- Statement in connection with Botulinum Toxin and Cosmetic Fillers (Children) Private Member’s Bill 2019-21
Statement in connection with Botulinum Toxin and Cosmetic Fillers (Children) Private Member’s Bill 2019-21
The British College of Aesthetic Medicine (BCAM) is the leading College representing clinicians working in the Aesthetic Medicine specialty. BCAM’s mission is to help make Aesthetic Medicine
safer, more ethical and more accessible to the general public.
The College welcomes the Botulinum Toxin and Cosmetic Fillers (Children) Bill as a welcome step toward long-overdue tightening of regulation surrounding the accessibility of aesthetic interventions, particularly from non-medically qualified practitioners.
The Bill would create an offence for the administration of botulinum toxins or cosmetic fillers to people under 18 years of age unless there is an assessed medical need from a statutorily regulated
healthcare professional. BCAM lends its weight to the existing backing of the Department of Health & Social Care (DHSC).
BCAM President Dr Uliana Gout says: “BCAM fully endorses the Private Member’s Bill and increased regulation in our specialty. BCAM has a good professional relationship with DHSC and just this week have agreed to extend our national audit data collection of Aesthetic Medicine to cover under 18 year-old patient treatments. This will support the information gathering efforts to generate national statistics in this critical area.”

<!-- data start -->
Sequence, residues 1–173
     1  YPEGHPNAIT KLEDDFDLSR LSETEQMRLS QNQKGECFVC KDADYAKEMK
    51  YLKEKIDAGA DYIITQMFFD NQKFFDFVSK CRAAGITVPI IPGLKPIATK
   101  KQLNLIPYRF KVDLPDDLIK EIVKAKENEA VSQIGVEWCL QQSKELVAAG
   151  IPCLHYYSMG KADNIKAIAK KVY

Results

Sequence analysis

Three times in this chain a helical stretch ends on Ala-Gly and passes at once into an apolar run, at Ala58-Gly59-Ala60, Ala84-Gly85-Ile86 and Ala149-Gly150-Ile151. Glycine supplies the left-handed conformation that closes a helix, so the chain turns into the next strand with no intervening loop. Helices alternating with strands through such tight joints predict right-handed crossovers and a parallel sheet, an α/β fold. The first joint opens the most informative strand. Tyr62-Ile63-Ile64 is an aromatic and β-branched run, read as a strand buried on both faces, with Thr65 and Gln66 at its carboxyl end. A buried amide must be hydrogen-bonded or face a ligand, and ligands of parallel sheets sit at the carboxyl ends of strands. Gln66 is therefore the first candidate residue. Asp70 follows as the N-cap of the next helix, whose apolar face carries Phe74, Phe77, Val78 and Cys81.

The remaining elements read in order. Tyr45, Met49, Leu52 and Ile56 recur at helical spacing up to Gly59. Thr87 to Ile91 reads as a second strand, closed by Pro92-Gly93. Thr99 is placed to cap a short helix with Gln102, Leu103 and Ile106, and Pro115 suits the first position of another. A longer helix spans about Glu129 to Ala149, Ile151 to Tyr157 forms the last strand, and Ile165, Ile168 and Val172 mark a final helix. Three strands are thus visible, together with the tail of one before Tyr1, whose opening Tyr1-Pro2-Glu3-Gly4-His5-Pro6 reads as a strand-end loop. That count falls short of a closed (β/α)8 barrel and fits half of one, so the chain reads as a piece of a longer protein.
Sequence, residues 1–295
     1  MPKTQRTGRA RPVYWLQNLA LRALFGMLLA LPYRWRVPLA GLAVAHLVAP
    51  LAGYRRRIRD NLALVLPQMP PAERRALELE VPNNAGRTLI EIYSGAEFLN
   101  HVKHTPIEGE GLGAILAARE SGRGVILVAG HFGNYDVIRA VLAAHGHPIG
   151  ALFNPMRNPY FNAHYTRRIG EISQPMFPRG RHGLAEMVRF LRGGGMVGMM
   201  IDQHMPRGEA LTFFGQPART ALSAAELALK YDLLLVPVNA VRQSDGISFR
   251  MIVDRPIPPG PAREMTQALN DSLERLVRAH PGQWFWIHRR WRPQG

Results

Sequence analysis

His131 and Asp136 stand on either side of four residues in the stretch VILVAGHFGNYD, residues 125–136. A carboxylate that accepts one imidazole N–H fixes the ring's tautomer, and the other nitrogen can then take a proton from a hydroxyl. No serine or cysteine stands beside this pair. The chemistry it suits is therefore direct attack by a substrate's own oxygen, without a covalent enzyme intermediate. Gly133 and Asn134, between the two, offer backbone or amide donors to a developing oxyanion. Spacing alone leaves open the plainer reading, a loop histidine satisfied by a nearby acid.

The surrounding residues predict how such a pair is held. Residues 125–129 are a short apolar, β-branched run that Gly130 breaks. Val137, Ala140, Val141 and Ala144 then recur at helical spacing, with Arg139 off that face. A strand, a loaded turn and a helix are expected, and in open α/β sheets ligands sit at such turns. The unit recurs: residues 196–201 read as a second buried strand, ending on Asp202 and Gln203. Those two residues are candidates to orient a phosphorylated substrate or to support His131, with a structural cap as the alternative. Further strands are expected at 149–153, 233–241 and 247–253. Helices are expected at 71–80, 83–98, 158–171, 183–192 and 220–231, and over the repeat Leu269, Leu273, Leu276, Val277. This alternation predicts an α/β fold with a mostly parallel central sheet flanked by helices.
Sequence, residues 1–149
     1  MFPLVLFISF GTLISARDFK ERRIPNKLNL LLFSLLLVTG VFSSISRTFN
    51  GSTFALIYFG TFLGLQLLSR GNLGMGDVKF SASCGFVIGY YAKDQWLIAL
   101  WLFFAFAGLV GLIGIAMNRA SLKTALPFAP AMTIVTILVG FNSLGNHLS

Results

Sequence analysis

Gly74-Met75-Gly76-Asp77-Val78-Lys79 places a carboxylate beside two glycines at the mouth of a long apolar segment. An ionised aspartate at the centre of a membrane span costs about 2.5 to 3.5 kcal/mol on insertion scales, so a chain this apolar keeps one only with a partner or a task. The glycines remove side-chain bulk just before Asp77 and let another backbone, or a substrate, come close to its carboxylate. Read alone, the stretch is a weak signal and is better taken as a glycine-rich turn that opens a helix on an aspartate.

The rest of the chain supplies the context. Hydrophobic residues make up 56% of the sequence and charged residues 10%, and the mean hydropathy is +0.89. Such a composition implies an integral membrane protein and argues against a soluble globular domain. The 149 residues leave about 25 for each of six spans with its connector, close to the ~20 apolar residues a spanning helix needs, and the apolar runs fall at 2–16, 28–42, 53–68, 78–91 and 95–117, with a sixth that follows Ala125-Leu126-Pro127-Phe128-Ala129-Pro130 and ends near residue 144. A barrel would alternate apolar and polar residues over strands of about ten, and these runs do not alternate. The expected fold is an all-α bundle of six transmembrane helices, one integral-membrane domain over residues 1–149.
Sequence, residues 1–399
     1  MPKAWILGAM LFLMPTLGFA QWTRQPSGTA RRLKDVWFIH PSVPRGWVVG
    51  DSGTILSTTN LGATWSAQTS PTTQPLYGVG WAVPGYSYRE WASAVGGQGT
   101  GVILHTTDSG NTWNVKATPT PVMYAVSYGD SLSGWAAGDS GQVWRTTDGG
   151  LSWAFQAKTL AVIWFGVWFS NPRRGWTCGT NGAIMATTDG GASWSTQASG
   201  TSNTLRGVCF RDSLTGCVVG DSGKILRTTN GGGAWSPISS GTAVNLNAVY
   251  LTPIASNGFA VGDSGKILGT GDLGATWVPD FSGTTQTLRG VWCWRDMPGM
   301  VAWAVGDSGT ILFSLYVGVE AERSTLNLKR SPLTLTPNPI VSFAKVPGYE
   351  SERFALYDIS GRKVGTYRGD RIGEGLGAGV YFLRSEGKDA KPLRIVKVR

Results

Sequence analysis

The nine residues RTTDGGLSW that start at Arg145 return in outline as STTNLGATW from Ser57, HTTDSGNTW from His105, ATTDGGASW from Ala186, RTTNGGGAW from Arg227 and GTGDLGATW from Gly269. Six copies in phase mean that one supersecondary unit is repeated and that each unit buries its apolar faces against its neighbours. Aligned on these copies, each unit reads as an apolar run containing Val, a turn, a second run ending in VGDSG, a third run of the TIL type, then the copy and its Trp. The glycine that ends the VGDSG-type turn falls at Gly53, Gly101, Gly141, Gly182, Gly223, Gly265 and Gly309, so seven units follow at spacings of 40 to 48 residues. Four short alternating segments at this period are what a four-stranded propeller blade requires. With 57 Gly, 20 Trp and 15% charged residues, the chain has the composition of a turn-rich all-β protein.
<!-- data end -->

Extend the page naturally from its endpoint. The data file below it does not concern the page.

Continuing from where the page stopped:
Recent data from BCAM’s annual audit reveals 43% of members polled have seen new patients presenting to them with complications following treatments by beauty therapists, the most popular
patient treatment choices being Botulinum Toxin (Botox)® and Dermal Fillers.
Mr Greg White, Chief Executive of the British College of Aesthetic Medicine, says: “Let us be quite clear - patient safety is paramount. Dermal fillers in particular are plain dangerous in the wrong hands. Protecting vulnerable patients is not optional. Our survey yet again underlines the vital issue of agreeing a wider regulatory regime which supports controlled access to prescription medicines and which differentiates aesthetic medicine from beauty therapists, spas and salons which we continue to monitor and call out. The Bill is an important step forward which we fully support.”
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